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According to state law, unemployed workers in California are entitled to unemployment benefits for a maximum of 26 weeks.
However, as a result of the new federal Coronavirus Aid, Relief, and Economic Security Act, the state was able to extend the time period for which workers could receive benefits by an additional thirteen weeks.
The Employment Development Department, also known as the EDD, is in charge of administering the state’s unemployment insurance program. People can file for unemployment benefits through this agency either online or by phone, fax, or mail.
This article throws more light on California unemployment and how to apply or file for it. Carefully read through.
To be eligible for unemployment benefits, you must be a California resident who meets all of the requirements, which include the following.
Working in California during the previous 12 months (this period may be longer in some cases), earning a minimum amount of wages determined by California guidelines, and actively seeking work each week that you are collecting benefits are all requirements for receiving unemployment benefits.
Californians who are unable to work as a result of the coronavirus will be able to apply for benefits through the state’s Employment Development Department (EDD) once the agency resumes accepting new claims on October 5.
Specific policies that have been implemented as a result of the coronavirus can be found on this page (also available in Spanish). Workers and caregivers will have a variety of payment options available to them through the department.
Californians who are sick or quarantined and are unable to work as a result of the virus can file a disability insurance claim through the state’s website.
If you are unable to work because you are caring for a sick or quarantined relative who has COVID-19, you may be eligible to file a paid family leave claim with your employer.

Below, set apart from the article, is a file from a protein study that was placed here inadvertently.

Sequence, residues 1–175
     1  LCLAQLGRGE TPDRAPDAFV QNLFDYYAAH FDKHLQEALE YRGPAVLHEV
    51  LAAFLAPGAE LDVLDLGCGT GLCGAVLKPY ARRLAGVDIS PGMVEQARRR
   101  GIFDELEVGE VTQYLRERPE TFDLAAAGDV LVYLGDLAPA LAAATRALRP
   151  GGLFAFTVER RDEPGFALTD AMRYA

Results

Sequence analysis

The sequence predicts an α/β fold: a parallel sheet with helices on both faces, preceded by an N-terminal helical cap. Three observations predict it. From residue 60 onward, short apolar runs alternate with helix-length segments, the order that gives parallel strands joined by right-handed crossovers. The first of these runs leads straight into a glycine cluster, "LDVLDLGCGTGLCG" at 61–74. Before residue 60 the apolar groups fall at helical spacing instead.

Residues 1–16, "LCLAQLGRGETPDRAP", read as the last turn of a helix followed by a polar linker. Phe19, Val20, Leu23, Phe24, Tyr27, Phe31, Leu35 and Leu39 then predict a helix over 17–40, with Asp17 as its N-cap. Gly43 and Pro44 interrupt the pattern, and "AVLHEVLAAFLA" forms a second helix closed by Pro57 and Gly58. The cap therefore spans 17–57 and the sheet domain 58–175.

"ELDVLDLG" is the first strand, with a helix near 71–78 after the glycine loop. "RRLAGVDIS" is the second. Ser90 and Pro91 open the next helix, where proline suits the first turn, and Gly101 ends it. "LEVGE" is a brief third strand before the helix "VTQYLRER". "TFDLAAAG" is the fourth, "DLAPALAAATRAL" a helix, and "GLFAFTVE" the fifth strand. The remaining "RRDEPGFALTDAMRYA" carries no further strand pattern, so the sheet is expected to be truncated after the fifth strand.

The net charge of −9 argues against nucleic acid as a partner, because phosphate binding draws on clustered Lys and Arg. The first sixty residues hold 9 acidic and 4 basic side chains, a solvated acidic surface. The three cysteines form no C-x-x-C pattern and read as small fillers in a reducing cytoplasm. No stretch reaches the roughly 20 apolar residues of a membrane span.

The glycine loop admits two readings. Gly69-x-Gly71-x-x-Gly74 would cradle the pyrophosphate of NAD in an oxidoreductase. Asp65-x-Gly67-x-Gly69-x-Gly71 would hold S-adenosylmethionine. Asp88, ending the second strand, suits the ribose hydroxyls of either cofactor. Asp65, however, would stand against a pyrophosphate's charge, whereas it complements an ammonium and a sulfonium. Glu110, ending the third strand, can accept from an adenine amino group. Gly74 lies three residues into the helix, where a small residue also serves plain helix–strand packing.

Those who have had their working hours reduced or who have lost their jobs as a result of their employer ceasing operations may be eligible to file an unemployment insurance claim.
EDD encourages residents of California to keep an eye on the COVID-19 resources page for updates.
In order to establish a claim for unemployment benefits, you must have earned a certain amount of wages and meet the following criteria:
Furthermore, according to EDD, you must continuously meet eligibility requirements — which means that on a weekly basis, you must demonstrate that you meet the criteria outlined above.
The federal government is providing states with new options for amending their laws in order to provide unemployment insurance benefits in connection with COVID-19.
For example, federal law now permits states to pay benefits in the following situations:
Employee benefits should be available if you are fired because you lacked the necessary skills to perform the job or simply weren’t a good fit for the company.
If you are fired because of misconduct, on the other hand, you will not be eligible for unemployment benefits for that period. Only if all four of the following statements are true, can you be found ineligible for unemployment benefits in California for misconduct: